At any street corner the feeling of absurdity can strike any man in the face.
One of the things that sells music is when the artist is looked at as someone who’s come up from the streets. Not just any streets, but the toughest, meanest streets of the urban ghetto. And that’s called ‘street credibility.’
I’ll love you, dear, I’ll love you till China and Africa meet and the river jumps over the mountain and the salmon sing in the street.
There is nothing that ‘Sesame Street’ can’t teach you, if you let it.
I like marketplaces. I like train stations; I like being in trains. I like airports. I like walking down the street with a pen in my hand, writing, writing, writing.
Poetry is a street fighter. It has sharp elbows. It can look after itself. Poetry can’t be used for manipulation; it’s why you never see good poetry in advertising.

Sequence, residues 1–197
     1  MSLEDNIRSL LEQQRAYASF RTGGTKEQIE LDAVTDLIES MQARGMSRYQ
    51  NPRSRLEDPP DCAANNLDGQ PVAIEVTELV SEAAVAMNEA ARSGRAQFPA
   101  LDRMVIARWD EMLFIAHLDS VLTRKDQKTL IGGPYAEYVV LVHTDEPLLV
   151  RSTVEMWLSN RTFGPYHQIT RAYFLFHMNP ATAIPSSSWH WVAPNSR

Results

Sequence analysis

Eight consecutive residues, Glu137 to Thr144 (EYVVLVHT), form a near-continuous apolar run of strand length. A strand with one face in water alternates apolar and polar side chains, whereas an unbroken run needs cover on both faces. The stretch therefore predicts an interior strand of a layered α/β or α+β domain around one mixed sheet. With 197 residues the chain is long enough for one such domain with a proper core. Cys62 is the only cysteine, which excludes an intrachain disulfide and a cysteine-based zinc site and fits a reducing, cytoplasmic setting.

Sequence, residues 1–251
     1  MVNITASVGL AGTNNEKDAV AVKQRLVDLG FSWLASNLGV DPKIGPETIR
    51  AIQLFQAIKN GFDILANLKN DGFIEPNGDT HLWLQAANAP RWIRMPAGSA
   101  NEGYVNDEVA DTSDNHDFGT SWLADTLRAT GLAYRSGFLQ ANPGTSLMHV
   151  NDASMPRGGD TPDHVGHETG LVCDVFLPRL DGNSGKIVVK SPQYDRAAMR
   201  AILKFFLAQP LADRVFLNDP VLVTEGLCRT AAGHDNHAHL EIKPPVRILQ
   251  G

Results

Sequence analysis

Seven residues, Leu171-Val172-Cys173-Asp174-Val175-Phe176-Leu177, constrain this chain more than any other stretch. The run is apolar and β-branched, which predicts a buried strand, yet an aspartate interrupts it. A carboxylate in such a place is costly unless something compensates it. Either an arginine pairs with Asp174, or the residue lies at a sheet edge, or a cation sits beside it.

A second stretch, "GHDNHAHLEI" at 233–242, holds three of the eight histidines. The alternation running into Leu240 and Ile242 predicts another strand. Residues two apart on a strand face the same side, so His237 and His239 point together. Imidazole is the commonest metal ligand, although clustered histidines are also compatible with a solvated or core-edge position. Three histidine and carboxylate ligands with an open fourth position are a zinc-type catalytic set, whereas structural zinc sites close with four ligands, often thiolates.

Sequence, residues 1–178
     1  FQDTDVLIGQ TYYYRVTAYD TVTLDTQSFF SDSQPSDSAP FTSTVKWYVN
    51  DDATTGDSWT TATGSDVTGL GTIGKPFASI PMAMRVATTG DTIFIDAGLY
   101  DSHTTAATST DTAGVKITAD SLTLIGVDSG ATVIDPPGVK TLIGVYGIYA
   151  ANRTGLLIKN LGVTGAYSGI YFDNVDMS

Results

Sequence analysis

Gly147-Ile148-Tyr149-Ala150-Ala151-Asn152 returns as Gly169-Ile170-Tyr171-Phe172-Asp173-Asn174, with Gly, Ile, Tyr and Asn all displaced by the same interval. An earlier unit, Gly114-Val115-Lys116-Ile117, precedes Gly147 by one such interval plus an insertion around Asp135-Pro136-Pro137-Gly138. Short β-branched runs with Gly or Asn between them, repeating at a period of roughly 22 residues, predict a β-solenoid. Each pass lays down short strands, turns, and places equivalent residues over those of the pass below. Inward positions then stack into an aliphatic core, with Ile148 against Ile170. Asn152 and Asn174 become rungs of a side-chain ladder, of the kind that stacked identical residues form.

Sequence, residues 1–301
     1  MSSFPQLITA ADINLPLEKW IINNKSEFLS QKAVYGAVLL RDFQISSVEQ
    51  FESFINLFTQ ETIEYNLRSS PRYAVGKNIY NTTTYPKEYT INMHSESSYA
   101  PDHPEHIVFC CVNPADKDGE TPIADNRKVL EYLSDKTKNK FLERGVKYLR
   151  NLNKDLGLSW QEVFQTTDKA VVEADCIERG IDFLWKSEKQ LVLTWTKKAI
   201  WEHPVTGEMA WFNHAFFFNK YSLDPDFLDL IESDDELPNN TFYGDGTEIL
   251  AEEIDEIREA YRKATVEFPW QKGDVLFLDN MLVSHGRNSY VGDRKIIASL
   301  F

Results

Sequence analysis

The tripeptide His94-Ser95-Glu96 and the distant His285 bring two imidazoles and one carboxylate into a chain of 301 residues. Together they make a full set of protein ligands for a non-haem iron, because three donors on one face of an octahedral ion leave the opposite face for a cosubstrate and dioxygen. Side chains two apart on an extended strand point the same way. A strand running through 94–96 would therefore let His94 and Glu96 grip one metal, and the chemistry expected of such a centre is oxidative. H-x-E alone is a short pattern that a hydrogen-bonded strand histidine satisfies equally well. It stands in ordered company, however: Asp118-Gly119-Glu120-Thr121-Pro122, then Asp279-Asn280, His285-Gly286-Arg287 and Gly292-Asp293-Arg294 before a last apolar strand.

Not in the clamor of the crowded street, not in the shouts and plaudits of the throng, but in ourselves, are triumph and defeat.
Watch the walls come down, whether it’s in the South or on Wall Street. When the walls come down, what do we find? More markets, more talent, more capital and growth. Which means that the race and sex discrimination stunt economic growth. It’s not good for capitalism. It’s not good for America’s growth. And it’s not morally right.
Even in the 1950s, President Eisenhower was concerned about what he called a campaign of hatred of the U.S. in the Arab world, because of the perception on the Arab street that it supported harsh and oppressive regimes to take their oil.
I was a go-go dancer at the Dom on East 10th Street in NYC. This was a glittering ballroom over Stanley’s Bar. 1965.